The Quality of Care Commission on Thursday warned that a “grid” in health and social care was putting patients at risk, as social care capacity and staff made it unable to meet demands.

Doctors across the country said so The independent that emergency department departments are “still overflowing with many fit-for-discharge patients blocking the flow.”

An emergency room doctor said, “I’ve never seen anything like it, but [it’s] not surprising. Everyone feels exhausted and frustrated ”.

Another Newcastle doctor said: “We are desperate for discharge – it is so difficult to become frail elderly [patients] now out of the hospital. I think we’re about 100 [patients with] delayed transfer of care “.

‘A risk to life’

Leaked Documents a The independent revealed that the Royal Cornwall Hospital Trust and the Cornwall Partnership NHS Foundation Trust told staff in September: emergency of the region.

“This is life-threatening, with increasingly long waiting times for a Category 2 ambulance response and delays in delivery at the front door of both Royal Cornwall Hospital and University Hospital Plymouth. There is current evidence that this risk to life has tragically resulted in death ”.

National data shows ambulance response times in the Southwest were the worst in any area last month, with Category 2 patients, the second most urgent case, waiting 2 hours and 25 minutes for a response. ambulance. These patients include those suspected of suffering from strokes and heart attacks.

The document sets out plans to address the problem of patients stuck in hospitals by placing them in the care of the voluntary sector.

Talking with The independent, Professor Alison Leary, an independent health consultant and researcher at London South Bank University, said: “This is a place of despair, I agree. This is a high-risk scenario. With a lot of unknowns, it [would] better understand how they are mitigating these risks.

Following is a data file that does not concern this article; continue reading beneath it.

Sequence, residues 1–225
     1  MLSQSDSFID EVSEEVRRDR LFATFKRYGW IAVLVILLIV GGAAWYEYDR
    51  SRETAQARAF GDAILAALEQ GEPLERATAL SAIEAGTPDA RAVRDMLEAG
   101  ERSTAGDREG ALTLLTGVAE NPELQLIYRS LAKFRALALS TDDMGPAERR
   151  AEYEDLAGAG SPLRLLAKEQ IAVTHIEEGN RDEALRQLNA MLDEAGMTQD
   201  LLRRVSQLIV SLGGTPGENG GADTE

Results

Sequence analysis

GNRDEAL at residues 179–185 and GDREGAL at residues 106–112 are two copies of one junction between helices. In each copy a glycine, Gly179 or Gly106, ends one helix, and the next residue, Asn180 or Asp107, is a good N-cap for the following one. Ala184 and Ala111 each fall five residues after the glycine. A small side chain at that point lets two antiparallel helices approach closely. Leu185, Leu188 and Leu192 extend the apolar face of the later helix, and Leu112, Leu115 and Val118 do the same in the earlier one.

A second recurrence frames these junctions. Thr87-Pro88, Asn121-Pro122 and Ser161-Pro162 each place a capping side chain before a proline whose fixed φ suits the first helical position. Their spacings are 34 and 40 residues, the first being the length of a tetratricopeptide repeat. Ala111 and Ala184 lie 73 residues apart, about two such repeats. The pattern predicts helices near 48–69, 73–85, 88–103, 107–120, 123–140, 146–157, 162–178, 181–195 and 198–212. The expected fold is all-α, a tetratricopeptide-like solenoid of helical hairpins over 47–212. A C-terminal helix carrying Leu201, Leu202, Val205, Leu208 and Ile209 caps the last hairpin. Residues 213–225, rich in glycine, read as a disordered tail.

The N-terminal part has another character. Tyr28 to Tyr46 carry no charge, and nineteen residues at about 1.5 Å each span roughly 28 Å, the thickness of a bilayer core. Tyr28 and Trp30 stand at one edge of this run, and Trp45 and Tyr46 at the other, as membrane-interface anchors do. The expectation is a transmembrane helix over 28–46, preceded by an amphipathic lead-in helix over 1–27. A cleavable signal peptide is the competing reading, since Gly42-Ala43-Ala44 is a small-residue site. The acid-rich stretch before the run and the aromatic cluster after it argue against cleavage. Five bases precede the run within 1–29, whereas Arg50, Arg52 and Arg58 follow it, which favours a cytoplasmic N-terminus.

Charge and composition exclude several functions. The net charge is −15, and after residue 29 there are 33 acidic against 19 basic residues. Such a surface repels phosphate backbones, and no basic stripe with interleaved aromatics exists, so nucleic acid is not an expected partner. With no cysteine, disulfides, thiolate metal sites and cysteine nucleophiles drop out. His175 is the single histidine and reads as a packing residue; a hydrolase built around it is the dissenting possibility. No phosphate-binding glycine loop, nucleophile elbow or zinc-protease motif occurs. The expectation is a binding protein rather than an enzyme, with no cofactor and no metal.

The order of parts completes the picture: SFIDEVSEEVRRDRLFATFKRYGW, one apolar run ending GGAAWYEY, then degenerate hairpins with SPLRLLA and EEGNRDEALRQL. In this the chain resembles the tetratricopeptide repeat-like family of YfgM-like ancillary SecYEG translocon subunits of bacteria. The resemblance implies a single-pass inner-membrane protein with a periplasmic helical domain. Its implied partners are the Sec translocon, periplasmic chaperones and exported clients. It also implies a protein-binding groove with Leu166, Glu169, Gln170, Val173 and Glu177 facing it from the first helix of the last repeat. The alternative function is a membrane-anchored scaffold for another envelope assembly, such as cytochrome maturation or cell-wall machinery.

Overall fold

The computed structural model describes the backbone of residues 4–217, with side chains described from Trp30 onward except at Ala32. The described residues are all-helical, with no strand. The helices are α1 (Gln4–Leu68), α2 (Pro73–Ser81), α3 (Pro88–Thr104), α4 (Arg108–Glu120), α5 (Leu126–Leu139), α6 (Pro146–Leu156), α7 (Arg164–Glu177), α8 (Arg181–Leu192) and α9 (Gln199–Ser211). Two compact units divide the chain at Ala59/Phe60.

He added: “There are things in this [document] where they refer to people ringing to make sure they haven’t fallen. If people are at that kind of level of risk, where they need assistants, and that resource is not available, then that obviously exposes people to risk. “

A senior staff member from one of the trusts said: “Where the patient’s need is well articulated and can be matched with an appropriate volunteer, it can work well, such as helping with meal prep or grocery shopping. But to think it is a magic bullet for all gaps in home care seems optimistic at best. “

A spokesman for the two hospitals in the Southwest said the voluntary sector had been involved in the discharge “for a long time.”

They said discharged patients “have no clinical needs,” adding, “This service helps resettle people home after a hospital stay and if they require an assessment for any ongoing rehabilitation needs, which is in line with guidelines. related national resign to evaluate.

“The volunteer sector in Cornwall and the Isles of Scilly has a long tradition of supporting people who may be discharged from hospital but who need support at home.

“We are now helping this valuable work by funding it as a sustainable service from Disability Cornwall and Age UK. Examples of the ways they are helping people at home include making sure they have shopping, heating, and [providing] support with qualification for a few weeks. “

A spokesperson for NHS England said: “Working closely with local leaders, the NHS has agreed on a number of measures to help frontline staff, including 24/7 control centers, fall response, rollaway beds and extra call handlers, all aimed at increasing capacity and reducing pressure on hospitals ahead of what could be a very busy winter.

“The NHS constantly monitors a number of measures used across the country that help improve patient flow and support staff, so they can be easily shared and adopted by other hospitals where clinically appropriate.”